Dead Kennedys: Watch Lana Del Rey's 'National Anthem' Video

A still from
A still from "National Anthem"
Marc Hogan WRITTEN BY
Marc Hogan

"Her voice is full of money," F. Scott Fitzgerald writes in one of the most likely candidates for the Great American Novel, The Great Gatsby, a classic line that Lana Del Rey has no doubt underlined at some point. It's the effect her whispery voice and lavish orchestral hip-hop production appears calculated to evoke, though as with Gatsby's Jay Gatz, her past as Lizzy Grant forever peeks out from behind her quasi-aristocratic surfaces. Unspared expense is also the takeaway of her melodramatic video for Born to Die's "National Anthem," which, as promised, stars Lana and rapper A$AP Rocky as Jackie and John Kennedy, in a classic of the "no one knows what it means, but it's provocative" genre.

At seven minutes and 40 seconds, the resulting clip is indeed longer than its longer-than-the-song-"National Anthem" trailer, but that's largely because our Jackie also invokes Marilyn Monroe, money-breathily singing A$AP Rocky "Happy Birthday." It isn't clear whether she sings enough of this song to draw the wrath of the copyright lawyers, who of course also know a thing or two about dollars. From there, we see the duo enjoy the good life together, with beautiful children, before the inevitable, Zapruder-documented occurs.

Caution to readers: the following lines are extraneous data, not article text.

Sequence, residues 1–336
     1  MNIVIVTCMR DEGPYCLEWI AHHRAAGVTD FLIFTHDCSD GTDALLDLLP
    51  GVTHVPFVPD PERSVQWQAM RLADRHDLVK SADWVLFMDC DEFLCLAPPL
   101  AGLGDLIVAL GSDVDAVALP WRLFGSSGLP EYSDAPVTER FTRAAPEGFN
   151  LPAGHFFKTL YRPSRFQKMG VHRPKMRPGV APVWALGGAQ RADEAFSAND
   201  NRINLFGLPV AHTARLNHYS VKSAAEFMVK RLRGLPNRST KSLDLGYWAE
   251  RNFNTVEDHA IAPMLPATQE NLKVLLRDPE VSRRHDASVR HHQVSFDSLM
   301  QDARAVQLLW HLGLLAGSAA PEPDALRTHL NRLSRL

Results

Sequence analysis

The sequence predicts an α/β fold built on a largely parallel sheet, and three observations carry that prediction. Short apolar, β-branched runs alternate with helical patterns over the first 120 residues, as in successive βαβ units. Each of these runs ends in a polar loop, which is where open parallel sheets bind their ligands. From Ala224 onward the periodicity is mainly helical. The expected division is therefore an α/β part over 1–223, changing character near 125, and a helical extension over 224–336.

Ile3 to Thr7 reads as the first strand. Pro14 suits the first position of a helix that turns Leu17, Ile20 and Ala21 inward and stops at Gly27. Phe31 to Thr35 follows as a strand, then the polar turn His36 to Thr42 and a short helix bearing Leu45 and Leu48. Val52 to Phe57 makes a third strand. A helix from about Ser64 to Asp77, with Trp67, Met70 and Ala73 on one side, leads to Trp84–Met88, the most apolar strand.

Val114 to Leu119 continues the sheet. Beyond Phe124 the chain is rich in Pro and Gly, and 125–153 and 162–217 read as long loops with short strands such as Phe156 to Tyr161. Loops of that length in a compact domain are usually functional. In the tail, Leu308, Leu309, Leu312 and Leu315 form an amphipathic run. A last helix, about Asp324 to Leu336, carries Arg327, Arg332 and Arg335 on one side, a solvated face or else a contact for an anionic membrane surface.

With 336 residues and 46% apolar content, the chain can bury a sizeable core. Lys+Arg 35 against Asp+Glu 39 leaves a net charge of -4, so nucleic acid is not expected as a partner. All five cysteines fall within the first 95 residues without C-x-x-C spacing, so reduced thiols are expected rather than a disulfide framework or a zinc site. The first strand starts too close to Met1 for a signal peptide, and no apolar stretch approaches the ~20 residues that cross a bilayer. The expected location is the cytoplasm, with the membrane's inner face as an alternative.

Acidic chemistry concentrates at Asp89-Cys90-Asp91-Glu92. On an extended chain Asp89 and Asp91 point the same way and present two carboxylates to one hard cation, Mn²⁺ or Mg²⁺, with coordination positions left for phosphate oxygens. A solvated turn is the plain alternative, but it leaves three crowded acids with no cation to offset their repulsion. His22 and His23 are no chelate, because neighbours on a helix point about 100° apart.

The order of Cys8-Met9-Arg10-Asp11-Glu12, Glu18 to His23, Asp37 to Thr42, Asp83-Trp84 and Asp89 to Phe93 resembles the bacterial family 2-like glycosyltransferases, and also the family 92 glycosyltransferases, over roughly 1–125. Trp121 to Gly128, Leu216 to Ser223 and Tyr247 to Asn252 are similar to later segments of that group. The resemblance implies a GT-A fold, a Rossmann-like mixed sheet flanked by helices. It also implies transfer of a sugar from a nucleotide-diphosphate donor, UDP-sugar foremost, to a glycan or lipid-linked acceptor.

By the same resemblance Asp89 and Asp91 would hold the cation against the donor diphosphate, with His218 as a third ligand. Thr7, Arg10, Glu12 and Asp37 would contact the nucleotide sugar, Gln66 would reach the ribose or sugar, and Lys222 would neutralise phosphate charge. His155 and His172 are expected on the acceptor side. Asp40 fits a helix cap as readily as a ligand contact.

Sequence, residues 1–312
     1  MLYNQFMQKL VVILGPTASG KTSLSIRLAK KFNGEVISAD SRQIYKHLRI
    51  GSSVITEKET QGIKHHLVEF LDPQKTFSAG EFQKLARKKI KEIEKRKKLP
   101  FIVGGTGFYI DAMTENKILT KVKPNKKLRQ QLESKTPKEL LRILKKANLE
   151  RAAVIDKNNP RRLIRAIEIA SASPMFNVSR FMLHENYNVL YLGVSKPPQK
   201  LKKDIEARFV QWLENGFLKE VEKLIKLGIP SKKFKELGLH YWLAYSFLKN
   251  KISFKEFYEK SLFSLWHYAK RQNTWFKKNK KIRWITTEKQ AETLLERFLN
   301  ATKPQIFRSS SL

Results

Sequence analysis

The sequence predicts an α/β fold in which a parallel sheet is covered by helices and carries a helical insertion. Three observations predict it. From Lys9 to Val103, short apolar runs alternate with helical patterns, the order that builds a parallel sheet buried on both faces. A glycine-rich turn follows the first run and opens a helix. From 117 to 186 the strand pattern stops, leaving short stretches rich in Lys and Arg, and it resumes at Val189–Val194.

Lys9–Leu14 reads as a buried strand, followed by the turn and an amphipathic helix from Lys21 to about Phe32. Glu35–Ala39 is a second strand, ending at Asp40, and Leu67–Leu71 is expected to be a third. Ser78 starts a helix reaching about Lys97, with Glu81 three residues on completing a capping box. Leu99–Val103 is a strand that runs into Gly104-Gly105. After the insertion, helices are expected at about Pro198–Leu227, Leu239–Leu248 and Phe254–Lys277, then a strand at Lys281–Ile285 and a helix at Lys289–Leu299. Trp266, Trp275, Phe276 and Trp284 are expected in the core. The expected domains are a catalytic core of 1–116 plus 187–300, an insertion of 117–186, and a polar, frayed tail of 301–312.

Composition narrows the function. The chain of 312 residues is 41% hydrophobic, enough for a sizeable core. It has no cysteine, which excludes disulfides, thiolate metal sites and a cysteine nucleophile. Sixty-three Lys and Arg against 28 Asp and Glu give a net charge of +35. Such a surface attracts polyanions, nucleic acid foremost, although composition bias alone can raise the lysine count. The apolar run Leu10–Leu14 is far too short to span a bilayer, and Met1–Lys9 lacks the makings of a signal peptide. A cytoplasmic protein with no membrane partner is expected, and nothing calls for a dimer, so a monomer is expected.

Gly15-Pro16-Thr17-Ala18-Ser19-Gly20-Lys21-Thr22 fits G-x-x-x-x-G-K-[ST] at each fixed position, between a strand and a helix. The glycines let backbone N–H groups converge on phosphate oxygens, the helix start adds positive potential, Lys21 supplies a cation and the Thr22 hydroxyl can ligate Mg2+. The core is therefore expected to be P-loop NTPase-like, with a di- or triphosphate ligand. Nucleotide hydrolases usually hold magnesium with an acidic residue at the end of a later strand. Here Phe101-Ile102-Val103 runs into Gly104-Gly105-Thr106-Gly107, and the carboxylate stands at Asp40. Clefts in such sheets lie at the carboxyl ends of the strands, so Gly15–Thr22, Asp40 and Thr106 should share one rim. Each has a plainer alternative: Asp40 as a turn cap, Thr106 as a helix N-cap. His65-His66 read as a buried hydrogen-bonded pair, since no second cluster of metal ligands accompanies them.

"Money is the anthem, God you're so handsome," Del Rey sings, her wrist randomly tattooed with The X Files slogan "trust no one." Robert Caro's new biography of Lyndon Johnson, as excerpted by the New Yorker, contains a beautiful description of that fateful day in Dallas, which begins, "As the procession drove farther into the canyon, the noise swelled and deepened, becoming louder and louder, so that the motorcade was driving through a canyon of cheers." Though deftly assembled by director Anthony Mandler, the emotional tenor of this clip is unavoidably cartoonish by comparison, bringing to mind the fact it was that old, unglamorous bastard LBJ — the cranky Texan responsible for so many deaths in the Vietnam War — who fulfilled Kennedy's legacy by passing the Civil Rights Act, Medicare, and the rest of his Great Society program. Money is money is money is money.

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